ancient egyptian

photo credit: Seamus Blackley via

A “Bread Nerd” Baked with Ancient Egyptian Yeast?!


Aug. 7 2019, Published 3:19 p.m. ET

Video game designer Seamus Blackley has baked bread using 4,500 year old yeast from ancient Egyptian pottery, and his project was trending on Twitter. Sounds extremely gross, but interesting nonetheless

Words by Kai Collado-Vazquez


photo credit: via

Working with microbiologist Richard Bowman and Egyptologist Dr. Serena Love, Blackley collected yeast from ancient Egyptian pottery and tried to make bread with it. Blackley wrote on Twitter, “using a nondestructive process and careful sterile technique, we believe we can actually capture dormant yeasts and bacteria from inside the ceramic pores of ancient pots. We sampled beer – and bread – making objects which had actually been in regular use in the Old Kingdom.”

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To make this bread, he used samples from pottery ancient Egyptians regularly used to make bread and beer. Blackley sent samples to Bowman to analyze and see if the microorganisms are contaminated or extinct bacteria. The samples the scientist used to make his bread “surely contain contaminants,” but he says they likely contain ancient yeast.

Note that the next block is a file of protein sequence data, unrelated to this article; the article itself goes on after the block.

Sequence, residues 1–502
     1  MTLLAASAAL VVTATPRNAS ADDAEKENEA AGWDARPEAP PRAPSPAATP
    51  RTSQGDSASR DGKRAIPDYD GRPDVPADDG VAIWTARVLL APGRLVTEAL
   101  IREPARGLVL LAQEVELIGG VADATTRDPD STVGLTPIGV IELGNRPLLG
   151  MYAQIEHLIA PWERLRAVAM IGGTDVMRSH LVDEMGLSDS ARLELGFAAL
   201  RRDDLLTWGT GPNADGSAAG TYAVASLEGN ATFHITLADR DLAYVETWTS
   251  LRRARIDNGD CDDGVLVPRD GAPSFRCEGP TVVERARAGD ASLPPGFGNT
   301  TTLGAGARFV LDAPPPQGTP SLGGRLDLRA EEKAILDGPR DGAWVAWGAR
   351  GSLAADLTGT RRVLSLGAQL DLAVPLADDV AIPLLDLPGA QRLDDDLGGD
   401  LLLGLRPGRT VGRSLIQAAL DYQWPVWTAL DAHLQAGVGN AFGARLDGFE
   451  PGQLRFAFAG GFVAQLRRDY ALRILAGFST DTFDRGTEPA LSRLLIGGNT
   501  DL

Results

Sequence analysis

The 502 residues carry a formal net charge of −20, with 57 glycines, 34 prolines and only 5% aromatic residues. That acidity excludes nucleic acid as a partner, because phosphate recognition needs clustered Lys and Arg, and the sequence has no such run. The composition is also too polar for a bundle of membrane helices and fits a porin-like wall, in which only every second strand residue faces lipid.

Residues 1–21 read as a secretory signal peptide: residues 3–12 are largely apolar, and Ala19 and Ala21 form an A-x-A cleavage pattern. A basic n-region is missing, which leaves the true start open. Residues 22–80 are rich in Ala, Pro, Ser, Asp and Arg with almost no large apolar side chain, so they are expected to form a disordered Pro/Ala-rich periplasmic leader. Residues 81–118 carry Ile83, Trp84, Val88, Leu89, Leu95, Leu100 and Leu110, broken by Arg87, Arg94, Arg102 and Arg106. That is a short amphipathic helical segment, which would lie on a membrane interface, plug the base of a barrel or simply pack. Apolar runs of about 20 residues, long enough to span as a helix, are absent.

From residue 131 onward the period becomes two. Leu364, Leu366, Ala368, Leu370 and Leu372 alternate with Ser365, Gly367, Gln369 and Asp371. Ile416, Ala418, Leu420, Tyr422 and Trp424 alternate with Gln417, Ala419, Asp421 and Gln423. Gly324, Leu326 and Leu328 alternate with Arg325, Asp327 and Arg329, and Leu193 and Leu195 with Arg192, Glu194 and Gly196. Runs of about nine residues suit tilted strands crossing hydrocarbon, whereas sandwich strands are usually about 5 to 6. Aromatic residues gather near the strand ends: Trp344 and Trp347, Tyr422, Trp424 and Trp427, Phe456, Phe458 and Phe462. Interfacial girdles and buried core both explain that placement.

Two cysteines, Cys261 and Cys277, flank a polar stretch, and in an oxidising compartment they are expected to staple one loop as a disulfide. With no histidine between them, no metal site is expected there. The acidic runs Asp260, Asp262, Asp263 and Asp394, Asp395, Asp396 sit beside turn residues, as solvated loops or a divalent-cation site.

The scientist uses ancient grains Einkorn and Kamut, which were used before wheat, along with water and olive oil to make bread using the ingredients ancient Egyptians would. The dough was made with the ancient samples and Blakely even carved the hieroglyphic that represents bread into the loaf. The only difference in his bread and the bread of the ancient Egyptians is the way he baked it. He uses an oven, which obviously they did not have yet. He does eat the bread though, and says it is unlike anything he’s ever experienced.

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The aroma is AMAZING and NEW. It’s much sweeter and more rich than the sourdough we are used to,” Blakely Tweeted. He continued, “The crumb is light and airy, especially for a 100% ancient grain loaf. The aroma and flavor are incredible. I’m emotional. It’s really different, and you can easily tell even if you’re not a bread nerd.” 

He says this loaf was just for practice, hinting that he might try to make more bread once the samples are tested. Would you eat it? 

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